• Costs of court & evictions
  • Tenant finder fees
  • Maintenance Markups
  • Call-out services for emergencies
  • Early Cancellation Of Contract Fees
  • Lease Renewal fees

4. How do you send reports? Can I see a sample?

The way a property manager presents financial data can impact your ability to truly understand the situation at your property. Your property manager should have the ability to clearly and concisely explain to you everything that is on your reports. Ask questions about any unclear information. Before you sign an agreement, the property manager should provide you with a sample of a report so that you can understand it once you receive it. Clarify how and when reports will be sent to you.

tenant application form

5. What does your tenant screening process look like?

You will have tenants move out at some point during the rental period. You should have a system in place for screening tenants. Does the manager perform background checks and credit checks ? Potential tenants must fill out a rental form. Does the manager check employment history? Do you speak to former landlords? You need to know who is responsible for making the final decision on whether or not a tenant can lease an apartment. It is your investment.

6. Who is responsible for the maintenance work?

Your maintenance may be done by an internal maintenance team, a contractor or even the property manager! It is important to know who does the work so that you can maintain accurate records.

You may need a licensed or accredited contractor to finish the job, depending on where you live and what type of work needs to be completed. Inspections and permits may be required. Your manager will know when these things need to be done. Your next question is…

7. Do you manage contractors?

You know that even if this is your first time investing, you will need to hire a contractor or repair person. You don’t need to be a contractor unless you are one yourself. We’ll assume, however, that since you’re here reading about property management you prefer a subtly more hands-off method.

Using this information, you can start to think about what you might need. Start by determining whether you need a plumber, electrician or general handyman. Ask a property manager if they use contractors to help with issues relating to the hiring of vendors. If they have the contacts, you can save time by not having to search for someone to fix a problem.

8. How is rent collected?

The policy of the property manager should include how rent is collected. Rent is collected by the property manager or mailed in by tenants. Maybe tenants can just take it to the bank. The lease should specify the date the rent is due and the amount due. It should also include any late fees that may be associated with late payments. The lease should specify when the tenant becomes in default and can be evicted for nonpayment.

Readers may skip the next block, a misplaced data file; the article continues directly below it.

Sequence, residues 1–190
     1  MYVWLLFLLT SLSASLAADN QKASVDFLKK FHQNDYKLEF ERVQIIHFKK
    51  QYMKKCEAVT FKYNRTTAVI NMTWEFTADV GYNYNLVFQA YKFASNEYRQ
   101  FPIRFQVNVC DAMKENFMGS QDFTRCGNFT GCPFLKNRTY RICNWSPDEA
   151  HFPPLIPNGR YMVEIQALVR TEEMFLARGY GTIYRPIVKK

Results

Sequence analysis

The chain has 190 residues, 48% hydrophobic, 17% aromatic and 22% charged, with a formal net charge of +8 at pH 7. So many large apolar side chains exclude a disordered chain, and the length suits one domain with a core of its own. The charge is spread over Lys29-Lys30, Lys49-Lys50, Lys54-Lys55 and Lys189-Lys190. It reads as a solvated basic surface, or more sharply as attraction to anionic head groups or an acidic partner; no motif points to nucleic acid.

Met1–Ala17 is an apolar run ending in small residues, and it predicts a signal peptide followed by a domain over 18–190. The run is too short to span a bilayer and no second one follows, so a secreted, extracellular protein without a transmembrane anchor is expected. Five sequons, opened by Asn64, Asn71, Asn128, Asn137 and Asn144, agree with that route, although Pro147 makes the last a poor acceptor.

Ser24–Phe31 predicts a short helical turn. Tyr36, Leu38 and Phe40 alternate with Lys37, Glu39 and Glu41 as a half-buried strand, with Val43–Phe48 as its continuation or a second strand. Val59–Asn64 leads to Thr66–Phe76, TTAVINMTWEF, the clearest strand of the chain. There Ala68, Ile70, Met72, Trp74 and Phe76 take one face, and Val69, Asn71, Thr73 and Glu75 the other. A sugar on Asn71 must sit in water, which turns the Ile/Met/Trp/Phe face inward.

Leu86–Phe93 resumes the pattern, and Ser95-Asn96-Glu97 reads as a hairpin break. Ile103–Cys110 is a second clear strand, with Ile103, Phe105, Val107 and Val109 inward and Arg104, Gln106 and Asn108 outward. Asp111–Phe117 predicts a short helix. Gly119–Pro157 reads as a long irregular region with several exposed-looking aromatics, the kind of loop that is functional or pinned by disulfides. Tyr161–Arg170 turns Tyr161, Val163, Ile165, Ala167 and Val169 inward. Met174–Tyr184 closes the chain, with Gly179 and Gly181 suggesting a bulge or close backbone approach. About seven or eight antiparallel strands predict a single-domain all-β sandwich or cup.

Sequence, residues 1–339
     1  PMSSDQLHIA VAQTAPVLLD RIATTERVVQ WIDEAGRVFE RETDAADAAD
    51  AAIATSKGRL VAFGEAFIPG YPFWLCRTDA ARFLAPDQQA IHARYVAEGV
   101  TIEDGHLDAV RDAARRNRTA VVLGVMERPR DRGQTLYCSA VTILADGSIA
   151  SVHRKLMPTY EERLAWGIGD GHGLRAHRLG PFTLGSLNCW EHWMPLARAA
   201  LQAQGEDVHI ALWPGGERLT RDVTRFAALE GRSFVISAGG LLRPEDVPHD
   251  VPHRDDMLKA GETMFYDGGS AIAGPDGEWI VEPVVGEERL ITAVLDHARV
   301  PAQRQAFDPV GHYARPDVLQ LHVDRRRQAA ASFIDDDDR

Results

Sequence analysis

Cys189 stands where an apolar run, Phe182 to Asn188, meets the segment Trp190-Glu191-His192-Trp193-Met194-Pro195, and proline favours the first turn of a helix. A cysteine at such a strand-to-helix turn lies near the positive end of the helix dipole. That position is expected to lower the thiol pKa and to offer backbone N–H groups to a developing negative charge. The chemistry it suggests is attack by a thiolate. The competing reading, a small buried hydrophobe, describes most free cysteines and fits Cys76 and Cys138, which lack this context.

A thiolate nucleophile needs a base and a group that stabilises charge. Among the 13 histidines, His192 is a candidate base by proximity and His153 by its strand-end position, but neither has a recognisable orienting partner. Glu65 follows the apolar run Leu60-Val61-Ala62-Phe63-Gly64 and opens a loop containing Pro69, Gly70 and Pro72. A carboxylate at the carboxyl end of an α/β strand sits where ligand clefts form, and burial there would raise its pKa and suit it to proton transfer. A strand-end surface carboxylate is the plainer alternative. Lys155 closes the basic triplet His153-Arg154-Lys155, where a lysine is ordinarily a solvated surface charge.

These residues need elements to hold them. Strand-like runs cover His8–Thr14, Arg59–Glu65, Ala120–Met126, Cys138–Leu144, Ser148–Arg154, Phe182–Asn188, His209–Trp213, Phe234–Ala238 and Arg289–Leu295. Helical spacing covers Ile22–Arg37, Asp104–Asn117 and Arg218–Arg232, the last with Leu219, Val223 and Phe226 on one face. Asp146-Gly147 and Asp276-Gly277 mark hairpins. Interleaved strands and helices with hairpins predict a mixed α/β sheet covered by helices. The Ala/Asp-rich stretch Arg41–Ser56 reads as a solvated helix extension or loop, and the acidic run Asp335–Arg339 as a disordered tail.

9. Do you have any sample documents that I can see?

You should be able to get sample documents from any property manager. You might want to look at documents like:

  • Leases
  • Property Management Agreements
  • Condition reports for Move in / Move out
  • Property Owner Financial Reports
  • Common Correspondence
  • Renting Applications

10. How long is the management agreement?

A property management contract should not be entered into lightly. Understanding the contract’s terms, such as the length of term, the renewal process, and how to terminate the contract if one party is not satisfied with the partnership, will help you avoid any unpleasant surprises. Before you sign any management agreement, your attorney should review it.

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11. How often do you review local, county and state laws?

Your property manager must be familiar with the law. It’s important to ask, even if you think it should be obvious. You want to make sure that your property manager is following local, state, and federal laws. This could include fair housing laws.

12. Do you have references?

Speak with other people who worked with your property managers. This could be clients, business people, real estate agents or mortgage brokers, lawyers, contractors, or other parties with whom the manager has a good relationship. You can ask them about the positives and negatives. Before signing an agreement, a property manager shouldn’t hesitate to provide references.

Hire a property manager in a simple way

After you have interviewed potential property manager candidates, it is time to narrow your search and hire. Hiring a property management company is a great way to take the next step for your business. It can seem “scary” and “overwhelming”, but it’s also a breath fresher to hand over the responsibilities of your rental property to someone else.